While the $1.2 trillion Infrastructure Investment and Jobs Act (IIJA) passed by Congress and signed into law by President Biden late last year was the source of much partisan bickering, most states desperately need the money they’ll be receiving from it to repair and upgrade their roads and bridges. Louisiana is certainly no exception.
According to the American Society of Civil Engineers (ASCE), our state has more structurally deficient bridges based on square footage than all other states except one. Louisiana received a D from the ASCE in its 2017 Infrastructure Report Card for its transportation infrastructure. Besides the structural problems with our bridges, the ASCE noted other factors, like the fact that our highway fatality rate was 35% above the national average.
Almost $6 billion is earmarked for highways, bridges throughout the state
Close to $6 billion has been allocated to Louisiana specifically for highways and bridges. It has yet to be determined how that money will be split among projects throughout the state.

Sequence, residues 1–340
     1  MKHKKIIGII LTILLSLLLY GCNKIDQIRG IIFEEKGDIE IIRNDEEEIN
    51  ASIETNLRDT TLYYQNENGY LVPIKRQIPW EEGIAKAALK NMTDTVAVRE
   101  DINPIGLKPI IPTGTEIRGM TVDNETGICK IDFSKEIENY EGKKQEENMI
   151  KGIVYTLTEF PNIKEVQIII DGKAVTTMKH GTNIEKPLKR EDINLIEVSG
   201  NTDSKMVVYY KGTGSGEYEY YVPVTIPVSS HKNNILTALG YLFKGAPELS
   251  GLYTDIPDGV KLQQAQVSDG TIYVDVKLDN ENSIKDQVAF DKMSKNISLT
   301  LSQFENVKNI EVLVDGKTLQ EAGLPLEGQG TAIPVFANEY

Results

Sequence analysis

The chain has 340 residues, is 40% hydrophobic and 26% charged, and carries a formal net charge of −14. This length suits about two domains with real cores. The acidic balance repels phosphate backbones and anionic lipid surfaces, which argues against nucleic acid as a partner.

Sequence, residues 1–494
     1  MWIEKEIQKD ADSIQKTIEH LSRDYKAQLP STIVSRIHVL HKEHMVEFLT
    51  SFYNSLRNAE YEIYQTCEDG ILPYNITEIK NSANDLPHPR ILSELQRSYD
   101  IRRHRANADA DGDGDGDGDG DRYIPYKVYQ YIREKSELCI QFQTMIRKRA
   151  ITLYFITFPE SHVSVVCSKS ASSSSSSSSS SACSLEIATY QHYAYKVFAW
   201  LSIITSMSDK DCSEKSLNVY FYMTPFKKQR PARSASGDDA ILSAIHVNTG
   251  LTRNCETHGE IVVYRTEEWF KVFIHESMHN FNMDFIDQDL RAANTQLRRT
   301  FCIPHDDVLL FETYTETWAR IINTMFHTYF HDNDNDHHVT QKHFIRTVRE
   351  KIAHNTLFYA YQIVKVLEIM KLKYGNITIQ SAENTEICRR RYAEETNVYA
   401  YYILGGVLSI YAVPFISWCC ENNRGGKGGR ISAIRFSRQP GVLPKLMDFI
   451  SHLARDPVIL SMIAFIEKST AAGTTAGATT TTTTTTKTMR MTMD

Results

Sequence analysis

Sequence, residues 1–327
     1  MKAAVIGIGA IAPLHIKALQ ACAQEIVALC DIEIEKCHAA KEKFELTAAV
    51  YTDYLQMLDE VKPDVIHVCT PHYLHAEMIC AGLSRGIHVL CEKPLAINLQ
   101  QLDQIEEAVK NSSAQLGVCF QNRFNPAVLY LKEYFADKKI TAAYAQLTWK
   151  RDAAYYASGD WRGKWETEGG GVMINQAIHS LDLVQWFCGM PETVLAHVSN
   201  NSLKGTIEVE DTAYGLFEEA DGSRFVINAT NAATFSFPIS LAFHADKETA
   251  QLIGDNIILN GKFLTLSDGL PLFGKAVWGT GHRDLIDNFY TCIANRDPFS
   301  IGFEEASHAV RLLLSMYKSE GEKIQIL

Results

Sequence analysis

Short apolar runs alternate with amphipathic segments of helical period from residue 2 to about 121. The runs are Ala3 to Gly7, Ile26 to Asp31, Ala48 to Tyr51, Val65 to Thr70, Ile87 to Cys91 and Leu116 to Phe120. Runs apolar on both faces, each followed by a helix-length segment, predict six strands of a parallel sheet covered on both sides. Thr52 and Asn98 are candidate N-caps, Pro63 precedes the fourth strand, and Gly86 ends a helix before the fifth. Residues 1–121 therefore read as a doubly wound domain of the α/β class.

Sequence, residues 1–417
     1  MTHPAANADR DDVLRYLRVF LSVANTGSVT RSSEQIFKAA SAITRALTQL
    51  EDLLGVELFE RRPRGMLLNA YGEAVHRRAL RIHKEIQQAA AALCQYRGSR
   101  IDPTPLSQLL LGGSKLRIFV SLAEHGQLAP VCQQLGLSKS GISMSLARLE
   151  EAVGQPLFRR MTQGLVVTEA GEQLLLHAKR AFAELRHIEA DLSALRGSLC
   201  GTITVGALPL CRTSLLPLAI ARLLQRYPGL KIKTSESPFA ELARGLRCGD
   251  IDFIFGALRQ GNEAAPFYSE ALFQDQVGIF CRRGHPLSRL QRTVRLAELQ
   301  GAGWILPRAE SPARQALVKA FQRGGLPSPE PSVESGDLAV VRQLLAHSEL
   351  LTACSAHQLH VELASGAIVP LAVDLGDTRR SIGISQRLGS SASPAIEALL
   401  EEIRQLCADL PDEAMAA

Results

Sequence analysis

Louisiana Sen. Bill Cassidy, who was one of the few congressional Republicans who supported the bill (and who was among those involved in crafting it) called it a “major victory for Louisiana and our country.” Besides the money going to roads and bridges, a considerable amount is also being allocated for other parts of the state’s infrastructure damaged by repeated storms and flooding. Sen. Cassidy noted that it “strengthens our electrical grid, adds levy protection, coastal restoration and improves flood resiliency.”
Certainly, when roads and bridges are in poor condition or when they aren’t large enough to accommodate the amount of traffic they carry, that can have a significant effect on the safety of motorists and the number of crashes that occur. However, a poor-quality road or bridge typically does not alleviate the liability of a driver who causes a crash. If you’ve been injured in a crash caused by another driver, you have the right to fight for the compensation you need for short- and long-term losses.